By Russell Berman - 05/03/12 08:24 PM EDT
A liberal stalwart is making a surprise attack on Nancy Pelosi, accusing the House minority leader of signaling “a disturbing potential willingness” to slash entitlement programs that Democrats consider sacred.
Former Sen. Russ Feingold (D-Wis.) on Thursday sent out an email through his Progressives United advocacy group criticizing Pelosi for saying she would support the Simpson-Bowles deficit plan, which called for using cuts to Medicare, Medicaid and Social Security to close the nation’s budget gap.
“Recently, Democratic Minority Leader Nancy Pelosi has signaled a disturbing potential willingness to adopt a plan that could slash these benefits. And it follows a pattern: Too many House Democrats, including Steny Hoyer, are already on board,” Feingold wrote in the email, which directs respondents to a petition.
“Cuts to Medicare, Medicaid, and Social Security benefits are unacceptable, and they shouldn't be put on the table by Democrats for any reason — including cynical, political ones. Leader Pelosi must stand up for these crucial programs.”
Pelosi took heat from some liberal groups for saying she would have supported the $4 trillion Simpson-Bowles plan if it came to a vote on the House floor. She voted last month against a budget alternative modeled on the proposal, calling it a “caricature” of the original plan, which emerged from a commission created by President Obama. “If it were actually Simpson-Bowles, I would have voted for it,” Pelosi said after the vote.
The comments highlighted the evolution Pelosi has made on the idea of a deficit “grand bargain” that includes benefit cuts to Medicare and Social Security. In late 2010, she condemned a draft version of the Simpson-Bowles plan as “unacceptable” but did not repeat that critique of the commission’s final product or of the proposals that Obama made to Speaker John BoehnerJohn BoehnerDem drops out of race for Boehner's old seat Conservative allies on opposite sides in GOP primary fight Clinton maps out first 100 days MORE (R-Ohio) during negotiations last summer.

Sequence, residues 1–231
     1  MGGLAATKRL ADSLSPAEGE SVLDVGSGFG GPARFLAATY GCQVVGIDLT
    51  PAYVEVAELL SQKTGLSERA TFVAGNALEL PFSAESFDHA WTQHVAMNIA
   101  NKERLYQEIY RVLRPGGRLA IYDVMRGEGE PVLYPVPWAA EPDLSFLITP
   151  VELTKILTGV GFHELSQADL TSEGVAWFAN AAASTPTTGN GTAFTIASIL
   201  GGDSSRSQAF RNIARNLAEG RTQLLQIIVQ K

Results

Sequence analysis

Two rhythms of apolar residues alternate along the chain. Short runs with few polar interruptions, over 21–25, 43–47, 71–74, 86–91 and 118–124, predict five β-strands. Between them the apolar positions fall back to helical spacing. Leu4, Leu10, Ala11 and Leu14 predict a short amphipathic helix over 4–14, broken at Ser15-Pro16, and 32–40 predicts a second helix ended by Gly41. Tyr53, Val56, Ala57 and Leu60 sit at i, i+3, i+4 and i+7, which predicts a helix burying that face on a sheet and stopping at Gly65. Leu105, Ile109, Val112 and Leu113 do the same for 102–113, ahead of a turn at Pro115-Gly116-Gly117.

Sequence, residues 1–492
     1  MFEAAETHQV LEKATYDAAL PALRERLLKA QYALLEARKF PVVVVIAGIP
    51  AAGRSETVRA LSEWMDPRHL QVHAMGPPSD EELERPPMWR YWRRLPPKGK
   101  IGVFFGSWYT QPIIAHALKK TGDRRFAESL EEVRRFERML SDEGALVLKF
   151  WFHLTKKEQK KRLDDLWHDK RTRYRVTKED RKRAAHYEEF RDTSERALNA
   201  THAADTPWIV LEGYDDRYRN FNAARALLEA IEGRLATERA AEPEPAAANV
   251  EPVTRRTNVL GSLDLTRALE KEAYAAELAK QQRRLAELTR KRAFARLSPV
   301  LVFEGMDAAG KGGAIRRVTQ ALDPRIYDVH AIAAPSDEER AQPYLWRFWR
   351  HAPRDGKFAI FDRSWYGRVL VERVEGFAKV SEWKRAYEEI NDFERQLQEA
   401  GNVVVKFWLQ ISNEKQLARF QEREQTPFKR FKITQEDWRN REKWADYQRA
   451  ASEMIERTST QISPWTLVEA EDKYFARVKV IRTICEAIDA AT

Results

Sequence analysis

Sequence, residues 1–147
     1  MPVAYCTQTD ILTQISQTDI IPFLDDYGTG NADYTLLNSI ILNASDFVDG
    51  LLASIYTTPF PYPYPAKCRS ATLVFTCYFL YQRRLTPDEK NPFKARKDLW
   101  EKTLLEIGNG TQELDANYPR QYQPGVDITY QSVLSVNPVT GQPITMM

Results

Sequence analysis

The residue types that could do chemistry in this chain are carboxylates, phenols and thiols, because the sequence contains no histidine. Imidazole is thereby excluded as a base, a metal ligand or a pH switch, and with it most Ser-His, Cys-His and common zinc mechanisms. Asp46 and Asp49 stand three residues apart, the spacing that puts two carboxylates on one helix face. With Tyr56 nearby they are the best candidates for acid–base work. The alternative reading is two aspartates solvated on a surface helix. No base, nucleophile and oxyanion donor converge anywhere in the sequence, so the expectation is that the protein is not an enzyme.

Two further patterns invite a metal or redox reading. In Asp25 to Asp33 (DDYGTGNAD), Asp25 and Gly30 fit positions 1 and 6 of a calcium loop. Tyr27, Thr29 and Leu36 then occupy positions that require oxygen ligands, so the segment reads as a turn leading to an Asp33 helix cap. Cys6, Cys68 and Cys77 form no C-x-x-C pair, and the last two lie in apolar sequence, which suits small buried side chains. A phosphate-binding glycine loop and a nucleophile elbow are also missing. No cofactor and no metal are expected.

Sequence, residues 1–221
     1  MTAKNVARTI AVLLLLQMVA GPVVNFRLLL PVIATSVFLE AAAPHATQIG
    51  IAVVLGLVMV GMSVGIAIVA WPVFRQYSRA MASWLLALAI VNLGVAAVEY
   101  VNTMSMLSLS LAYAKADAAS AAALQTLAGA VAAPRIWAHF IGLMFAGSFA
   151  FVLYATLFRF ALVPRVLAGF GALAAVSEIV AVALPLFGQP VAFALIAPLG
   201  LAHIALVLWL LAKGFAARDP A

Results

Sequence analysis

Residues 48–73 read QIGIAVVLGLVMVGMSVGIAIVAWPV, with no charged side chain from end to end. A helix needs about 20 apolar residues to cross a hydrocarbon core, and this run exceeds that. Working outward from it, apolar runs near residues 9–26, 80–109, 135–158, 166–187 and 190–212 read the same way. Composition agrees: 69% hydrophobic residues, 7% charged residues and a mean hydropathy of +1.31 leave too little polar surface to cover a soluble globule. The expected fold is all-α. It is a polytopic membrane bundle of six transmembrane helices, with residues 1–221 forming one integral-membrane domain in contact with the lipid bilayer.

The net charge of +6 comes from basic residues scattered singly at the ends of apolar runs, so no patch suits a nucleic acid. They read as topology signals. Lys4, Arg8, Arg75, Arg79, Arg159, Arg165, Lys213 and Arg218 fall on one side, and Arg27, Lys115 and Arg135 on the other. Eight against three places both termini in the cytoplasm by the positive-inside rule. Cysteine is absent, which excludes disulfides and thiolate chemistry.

Throughout the onerous talks over a deficit deal tied to raising the debt ceiling, Pelosi vowed that Democrats would not accept benefit cuts but could countenance changes to the entitlement programs that did not hurt beneficiaries.
Feingold’s missive was striking for its harsh tone. The email included a photo of an angry-looking Pelosi similar to ones that conservatives have used to demonize the former Speaker in their fundraising efforts.
Feingold lost his bid for a fourth Senate term in 2010, but he remains a darling of the left. Pelosi supporters were apoplectic on Thursday and appeared taken aback by Feingold’s attack on a woman who is herself a favorite of liberals.
In a Twitter message on Thursday, Pelosi responded to Feingold without mentioning him by name: “ICYMI I've spent my career protecting Social Security, Medicare & Medicaid from GOP attacks — nothing's changed, I will continue fighting,” she wrote.
A senior Democratic aide and Pelosi supporter went much further, denouncing the Feingold e-mail as a desperate bid for donations.
“Anyone who questions Leader Pelosi’s commitment to seniors and persons with disabilities, their benefits or these initiatives is either looking for a fight that doesn't exist or just plain wrong,” the aide told The Hill on the condition of anonymity. “Who led the fight against [President George W.Bush]’s Social Security privatization scheme? Who is leading the fight against the Republican-Ryan plan to end Medicare guarantee, reduce benefits and shift costs to seniors? Russ Feingold knows the answer is Nancy Pelosi and he should spend his resources going after those who truly want to dismantle these programs.”
A spokesman for Progressives United noted that the e-mail was not soliciting donations but rather urging supporters to sign a petition.
This is not the first time Feingold has angered fellow Democrats. In May 2011, Sen. Claire McCaskillClaire McCaskillDems begin ‘treason’ talk against Trump The Republicans' hypocrisy on minimum wage Watchdog faults Energy Department over whistleblower retaliation MORE (D-Mo.) said it was "discouraging" that Feingold urged his supporters to "shame" McCaskill and other Democrats who had voiced skepticism about a new Obama proposal to require more disclosure in campaign financing.